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Days leading up to health insurance deadline are busy

Monday evening marked the end of open-enrollment for people to purchase individual health care coverage under the Affordable Care Act, and the days leading up to that deadline were busy for organizers across Alabama, to say the least.

Callie Nelson, County Extension Coordinator for the Alabama Cooperative Extension System in Dallas County, said the week leading up to Monday’s deadline was the busiest by far during the signup period.

“It has been crazy,” Nelson said. “The phone has been ringing nonstop and the office lobby had 10 people waiting at 8 a.m. this morning. And it’s been that way all this week.”

Nelson said the people coming through the Extension Office’s door looking for help had been as varied as the insurance plans offered through the marketplace.

“We’ve had every ethnicity and age groups in the county here looking for help,” Nelson said. “There have been so many people that have come in needing insurance and they couldn’t afford or they were looking to get covered because of some pretty serious procedures they needed to have.”

Nelson said Extension Office employees have been busy at other times during the open-enrollment season, but none of those periods compare to what they have seen over the past week.

“We’ve had surges on and off after we would go out and do outreach work,” Nelson said. “It would eventually calm down, but you could always tell when we had been out doing an outreach program.”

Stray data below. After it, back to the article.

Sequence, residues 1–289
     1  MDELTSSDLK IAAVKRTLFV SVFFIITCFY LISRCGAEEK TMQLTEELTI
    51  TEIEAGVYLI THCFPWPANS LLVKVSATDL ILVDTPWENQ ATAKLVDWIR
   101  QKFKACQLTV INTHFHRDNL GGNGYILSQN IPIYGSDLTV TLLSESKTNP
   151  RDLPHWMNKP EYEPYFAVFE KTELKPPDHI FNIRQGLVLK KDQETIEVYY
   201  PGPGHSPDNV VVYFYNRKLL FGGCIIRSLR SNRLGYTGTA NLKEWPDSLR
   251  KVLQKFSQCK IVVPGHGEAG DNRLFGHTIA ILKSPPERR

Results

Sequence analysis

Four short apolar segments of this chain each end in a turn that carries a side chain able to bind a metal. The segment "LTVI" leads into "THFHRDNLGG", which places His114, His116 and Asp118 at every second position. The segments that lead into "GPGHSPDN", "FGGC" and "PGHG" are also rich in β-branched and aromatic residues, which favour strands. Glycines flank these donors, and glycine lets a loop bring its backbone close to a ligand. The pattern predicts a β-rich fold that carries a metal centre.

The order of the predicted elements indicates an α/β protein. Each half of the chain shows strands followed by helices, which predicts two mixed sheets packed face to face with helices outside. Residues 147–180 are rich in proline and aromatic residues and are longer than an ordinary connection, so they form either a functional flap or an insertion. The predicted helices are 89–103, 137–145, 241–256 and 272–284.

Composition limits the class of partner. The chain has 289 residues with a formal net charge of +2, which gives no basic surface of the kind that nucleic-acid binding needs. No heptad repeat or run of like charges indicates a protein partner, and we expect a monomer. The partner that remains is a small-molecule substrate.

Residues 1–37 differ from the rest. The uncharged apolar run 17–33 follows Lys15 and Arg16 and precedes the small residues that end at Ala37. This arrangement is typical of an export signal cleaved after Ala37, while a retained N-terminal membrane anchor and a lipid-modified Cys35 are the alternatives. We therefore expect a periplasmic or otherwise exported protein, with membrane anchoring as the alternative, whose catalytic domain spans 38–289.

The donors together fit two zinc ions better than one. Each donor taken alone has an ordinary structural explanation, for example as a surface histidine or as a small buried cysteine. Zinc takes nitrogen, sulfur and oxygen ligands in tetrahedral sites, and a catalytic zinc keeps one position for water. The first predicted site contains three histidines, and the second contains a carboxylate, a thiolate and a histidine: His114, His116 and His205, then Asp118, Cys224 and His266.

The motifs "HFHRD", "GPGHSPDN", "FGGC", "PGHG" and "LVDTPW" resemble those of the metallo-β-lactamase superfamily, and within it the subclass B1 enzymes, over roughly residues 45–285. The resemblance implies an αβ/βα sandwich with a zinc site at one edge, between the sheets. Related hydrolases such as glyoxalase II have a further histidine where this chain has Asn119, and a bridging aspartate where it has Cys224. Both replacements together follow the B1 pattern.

Daniel Liss, co-founder of Bama Covered — a student and youth-based organization that worked to educate Alabamians about the Affordable Care Act — said the last week has been busy for his group as well.

Liss said two events organized by Bama Covered in Birmingham and Mobile attracted a total of 482 people to sign up for individual health care coverage over the weekend, along.

“People are looking at this issue from the point of view that their family needs health care, not in terms of local or national politics. That doesn’t matter when you are looking to go to the doctor’s office,” Liss said. “We have done so well in Alabama because this is the most community-oriented place on earth. People have been talking with their family members and church members about this issue.”

While the push to get as many Alabamians signed up before Monday’s deadline appears to be a success, Liss said there is no reason to celebrate just yet.

“This whole experience has exceeded our expectations. On the one hand we had motivated students to talk to tens of thousands of people and hopefully influence thousands of them to sign up, and that feels great,” Liss said.

“But when you think there are over 600,000 uninsured Alabamians, and were talking about getting 15 percent of them insured as a success, it makes you realize this is going to be a long-term effort.”